…and this outstanding Cobb Salad. I did brine the chicken for this, because I can’t eat chicken if it hasn’t been brined. Additionally, I increased the marinade time to an hour, as well as searing off the chicken before baking it. Becky, my sister, always bakes bacon in the oven, and I did it for the first time, and it rocks.
Honestly, it was kind of a heavy meat eating week for me, probably 7 ounces. For me, that’s a ton. So I had a ball at the new Fresh Forage in Ann Arbor, which my son discovered while I was gone. You can make your own bowl, but I had the teriyaki tofu one, and it rocked.
Meanwhile, my son happened to perfectly capture this tiny tree-shaped sprout on his fork. Also, he found an orange sweatshirt while cleaning his closet.
LCF Update March 2019: Brain Food
Said son and I had, prior to this fine dinner, seen Spider-Man: Into the Spider-Verse. While Steve and I were gone, he texted me: Mom, we HAVE to see this together. Sure enough, I loved it. The wit and thrills and imagination of this absolutely delightful movie had me smiling in a big way. I avoid a lot of genre stuff, particularly chick flicks and rom-coms. But man, do I love a good action movie. This one is great and so, so pretty. Also, tons of mini-tributes. When I pointed out to my son that a scientist in the movie looks like the Magic Schoolbus lady, he gave a little man scream. “Yes!! Miss Frizzle!! That’s been driving me crazy.” Truly inspired.
For a shortish read, I loved this article on the Inuit philosophy of raising kids. When you live in a harsh environment, you don’t really have time for anger and temper tantrums. You have to just stop being an ass and fix stuff. This article’s beautifully written by Michaeleen Doucleff, as well as illustrated with the tender photos of Johan Hailberg-Campbell. Doucleff went to the Inuit community after reading anthropoligist Jean Briggs’ book on her experience in the community. It’s about a 20-minute read, and well worth it. Even better, it’s part of series “The Other Side of Anger,” introduced with the very truthful statement, “we live in angry times.”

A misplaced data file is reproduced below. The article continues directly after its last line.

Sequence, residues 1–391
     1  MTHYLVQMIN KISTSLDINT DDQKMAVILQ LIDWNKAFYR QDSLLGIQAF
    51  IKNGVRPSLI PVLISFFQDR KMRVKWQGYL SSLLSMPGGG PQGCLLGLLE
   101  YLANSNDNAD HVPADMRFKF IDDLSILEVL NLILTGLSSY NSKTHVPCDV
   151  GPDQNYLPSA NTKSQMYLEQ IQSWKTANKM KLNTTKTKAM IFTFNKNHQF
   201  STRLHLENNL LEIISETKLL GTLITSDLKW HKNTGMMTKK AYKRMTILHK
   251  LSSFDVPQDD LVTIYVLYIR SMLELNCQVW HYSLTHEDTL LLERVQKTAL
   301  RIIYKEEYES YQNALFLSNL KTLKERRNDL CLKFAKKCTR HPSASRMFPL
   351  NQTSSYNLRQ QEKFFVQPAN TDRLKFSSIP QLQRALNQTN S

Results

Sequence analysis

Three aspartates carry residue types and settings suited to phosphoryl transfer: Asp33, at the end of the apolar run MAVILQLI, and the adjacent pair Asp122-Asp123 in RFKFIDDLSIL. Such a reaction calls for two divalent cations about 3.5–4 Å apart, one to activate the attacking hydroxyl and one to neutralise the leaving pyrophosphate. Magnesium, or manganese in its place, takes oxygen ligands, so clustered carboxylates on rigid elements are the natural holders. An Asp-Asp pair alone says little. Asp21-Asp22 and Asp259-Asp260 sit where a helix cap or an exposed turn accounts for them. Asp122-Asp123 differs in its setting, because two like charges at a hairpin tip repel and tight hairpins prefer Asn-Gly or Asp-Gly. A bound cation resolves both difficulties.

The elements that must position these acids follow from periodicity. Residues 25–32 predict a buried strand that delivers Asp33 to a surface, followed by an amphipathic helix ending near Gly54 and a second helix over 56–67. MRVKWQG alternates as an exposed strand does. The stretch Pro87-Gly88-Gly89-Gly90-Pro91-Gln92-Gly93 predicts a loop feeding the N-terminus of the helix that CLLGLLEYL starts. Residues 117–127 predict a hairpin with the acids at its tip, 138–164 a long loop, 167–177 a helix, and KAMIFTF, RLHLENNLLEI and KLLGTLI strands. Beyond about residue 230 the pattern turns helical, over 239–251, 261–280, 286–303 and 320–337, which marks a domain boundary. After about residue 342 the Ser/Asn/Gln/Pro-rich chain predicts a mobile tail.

On the plane, I watched Boy Erased. The fact that the Oscars completely ignored it tells me everything I ever needed to know about the Oscars. Oh, I used to love them, seeing every nominated movie for a few years. This year…..basta. Meanwhile, the acting and shooting in this movie define excellence, and I loved the script by Joel Edgerton, who also plays the main converter in the conversion therapy camp that Lucas Hedges’ character is subjected to. I don’t always get Hedges, but after this movie…wow. Kidman and Crowe are, as usual, superb.
I started reading The Path Between the Seas: The Creation of the Panama Canal while still in South America. This is my year to slow down and actually absorb what I read, rather than rack up a ton of book points and then not remember what the hell I just finished. So I’m taking my time with this one, and it will be a while before I finish because it’s hella long. David McCullough always finds the humanity in his historical figures and has a great eye for the odd and telling incident. Right now, I’m in the process of learning about Ferdinand deLesseps ego as grand as the Panama Canal is ambitious, and what that meant for his French investors. No spoilers, please! They finished it, right?
I also started Isabel Allende’s memoir My Invented Country while headed to Chile, then abandoned it in Argentina, then picked it up again once back in Chile, and will likely finish it this week. Allende writes so effortlessly, or at least seems to, and her exploration of what it means to be Chilean, as well as an exile and now an immigrant who lives in San Francisco is a beautiful read. She’s elegant without being starchy, elegiac without getting melodramatic, and at times wryly and gently funny.
All right, that’s enough. Please tell me your discoveries this week in the comments. Subscribe if you haven’t yet, and I’d be grateful if you follow me on instagram, twitter, or pinterest @nanlechou. Have a lovely week.